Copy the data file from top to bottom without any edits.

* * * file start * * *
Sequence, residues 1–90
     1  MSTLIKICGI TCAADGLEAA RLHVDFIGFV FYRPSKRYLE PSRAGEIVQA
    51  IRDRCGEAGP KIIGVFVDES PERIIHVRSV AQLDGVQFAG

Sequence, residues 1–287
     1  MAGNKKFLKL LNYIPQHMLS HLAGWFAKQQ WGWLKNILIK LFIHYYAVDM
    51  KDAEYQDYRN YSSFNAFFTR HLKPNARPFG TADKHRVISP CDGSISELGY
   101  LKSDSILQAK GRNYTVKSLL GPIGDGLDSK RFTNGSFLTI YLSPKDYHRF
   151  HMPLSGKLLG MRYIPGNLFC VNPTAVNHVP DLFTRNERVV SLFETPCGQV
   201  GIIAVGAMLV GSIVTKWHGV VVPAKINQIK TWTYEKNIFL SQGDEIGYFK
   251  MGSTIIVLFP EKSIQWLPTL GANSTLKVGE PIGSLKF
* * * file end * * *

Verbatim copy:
Sequence, residues 1–90
     1  MSTLIKICGI TCAADGLEAA RLHVDFIGFV FYRPSKRYLE PSRAGEIVQA
    51  IRDRCGEAGP KIIGVFVDES PERIIHVRSV AQLDGVQFAG

Sequence, residues 1–287
     1  MAGNKKFLKL LNYIPQHMLS HLAGWFAKQQ WGWLKNILIK LFIHYYAVDM
    51  KDAEYQDYRN YSSFNAFFTR HLKPNARPFG TADKHRVISP CDGSISELGY
   101  LKSDSILQAK GRNYTVKSLL GPIGDGLDSK RFTNGSFLTI YLSPKDYHRF
   151  HMPLSGKLLG MRYIPGNLFC VNPTAVNHVP DLFTRNERVV SLFETPCGQV
   201  GIIAVGAMLV GSIVTKWHGV VVPAKINQIK TWTYEKNIFL SQGDEIGYFK
   251  MGSTIIVLFP EKSIQWLPTL GANSTLKVGE PIGSLKF